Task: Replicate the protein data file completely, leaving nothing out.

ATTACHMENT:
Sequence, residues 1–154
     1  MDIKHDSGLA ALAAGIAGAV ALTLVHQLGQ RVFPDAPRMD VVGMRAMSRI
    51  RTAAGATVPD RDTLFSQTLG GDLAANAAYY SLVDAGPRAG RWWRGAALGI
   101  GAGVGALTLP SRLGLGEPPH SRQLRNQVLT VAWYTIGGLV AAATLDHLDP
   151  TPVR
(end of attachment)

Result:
Sequence, residues 1–154
     1  MDIKHDSGLA ALAAGIAGAV ALTLVHQLGQ RVFPDAPRMD VVGMRAMSRI
    51  RTAAGATVPD RDTLFSQTLG GDLAANAAYY SLVDAGPRAG RWWRGAALGI
   101  GAGVGALTLP SRLGLGEPPH SRQLRNQVLT VAWYTIGGLV AAATLDHLDP
   151  TPVR